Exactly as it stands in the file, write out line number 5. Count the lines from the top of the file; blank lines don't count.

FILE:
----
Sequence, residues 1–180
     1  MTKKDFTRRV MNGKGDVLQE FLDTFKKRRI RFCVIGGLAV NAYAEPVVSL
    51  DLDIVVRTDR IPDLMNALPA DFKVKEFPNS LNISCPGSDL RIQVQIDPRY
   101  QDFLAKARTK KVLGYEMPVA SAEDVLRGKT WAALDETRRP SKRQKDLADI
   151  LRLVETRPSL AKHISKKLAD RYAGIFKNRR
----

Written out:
   151  LRLVETRPSL AKHISKKLAD RYAGIFKNRR